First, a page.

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Of course, Johnson wouldn't be going to Hawaii if it wasn't for his Pro Bowl teammate this year, Testaverde, who, in his 12th season, also did a little growing up. With an offensive philosophy already set before he stepped in to replace Glenn Foley early this season, Testaverde played caretaker to the offense, a role that allowed the former Buccaneer, Brown, and Raven to become the AFC's top-rated passer. It's Testaverde's willingness to let other players on the field work for him that Theismann credits for the difference: "If it's third down and eight, you can throw a five-yard pass, let the back go get the next three [yards]. If it's third down and 10, you can hit Keyshawn on a six-yard crossing pattern, let him go get the next four or five."
Testaverde must have been listening Sunday when he found Johnson over the middle for a 20-yard completion on a third-down-and-14 in the fourth quarter. The catch for a first down helped the Jets regain the momentum they lost after the Jaguars had closed their deficit to seven points and sacked Testaverde on the previous play.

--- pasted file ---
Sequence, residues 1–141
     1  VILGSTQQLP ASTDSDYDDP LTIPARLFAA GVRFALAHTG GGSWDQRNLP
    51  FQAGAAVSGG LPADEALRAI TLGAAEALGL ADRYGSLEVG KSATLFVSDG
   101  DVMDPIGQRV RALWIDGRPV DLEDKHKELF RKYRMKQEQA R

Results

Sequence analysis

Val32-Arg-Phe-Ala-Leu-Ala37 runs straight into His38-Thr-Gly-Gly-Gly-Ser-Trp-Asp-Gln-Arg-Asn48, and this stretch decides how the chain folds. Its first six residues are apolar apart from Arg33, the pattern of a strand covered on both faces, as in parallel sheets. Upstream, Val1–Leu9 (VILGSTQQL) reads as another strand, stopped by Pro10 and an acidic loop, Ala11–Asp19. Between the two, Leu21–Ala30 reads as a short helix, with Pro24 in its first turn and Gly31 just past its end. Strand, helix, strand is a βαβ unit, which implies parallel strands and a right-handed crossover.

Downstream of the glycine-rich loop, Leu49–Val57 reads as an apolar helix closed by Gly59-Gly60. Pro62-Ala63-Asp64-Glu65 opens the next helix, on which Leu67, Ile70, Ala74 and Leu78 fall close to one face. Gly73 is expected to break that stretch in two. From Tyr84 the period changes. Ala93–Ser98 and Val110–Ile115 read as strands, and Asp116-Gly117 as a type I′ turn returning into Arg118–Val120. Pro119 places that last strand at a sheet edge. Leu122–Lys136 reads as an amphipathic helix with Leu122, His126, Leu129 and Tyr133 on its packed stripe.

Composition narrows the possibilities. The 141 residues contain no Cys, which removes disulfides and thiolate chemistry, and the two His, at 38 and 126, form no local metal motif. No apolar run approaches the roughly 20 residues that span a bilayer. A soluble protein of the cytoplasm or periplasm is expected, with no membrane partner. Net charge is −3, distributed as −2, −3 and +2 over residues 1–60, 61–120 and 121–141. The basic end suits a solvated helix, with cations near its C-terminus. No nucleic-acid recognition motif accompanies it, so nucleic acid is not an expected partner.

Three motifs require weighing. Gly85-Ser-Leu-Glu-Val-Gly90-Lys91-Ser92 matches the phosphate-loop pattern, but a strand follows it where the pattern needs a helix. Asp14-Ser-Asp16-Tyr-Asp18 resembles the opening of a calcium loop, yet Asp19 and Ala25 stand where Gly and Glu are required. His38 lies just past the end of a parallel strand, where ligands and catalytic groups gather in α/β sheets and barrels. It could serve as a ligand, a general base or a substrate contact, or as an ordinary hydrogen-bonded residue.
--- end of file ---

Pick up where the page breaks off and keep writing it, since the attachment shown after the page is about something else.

Against Denver, though, the Jets will be trying to reverse two seasons' worth of Bronco momentum. The defending Super Bowl champions looked nigh invincible against Miami last Sunday, as Davis rumbled for almost 200 yards. Like every team remaining in these playoffs, though, Denver's weakness could play into the Jets' strength.
"Denver's not a great defense," observes Jackson. "However, when their offense is clicking and they go up 10 to 14 points, defensive coordinator Greg Robinson can commit to the blitz packages he needs. Then you don't see the weaknesses in coverage that you saw à la the Giants and Miami [Denver's only two losses]. But with a team that plays them even and sticks with them for a quarter or two, I think you see a different dynamic on defense."
So can the Jets stick with the Broncos in Denver? If the Jets offense remains as dynamic as it's been, it shouldn't take long to find out.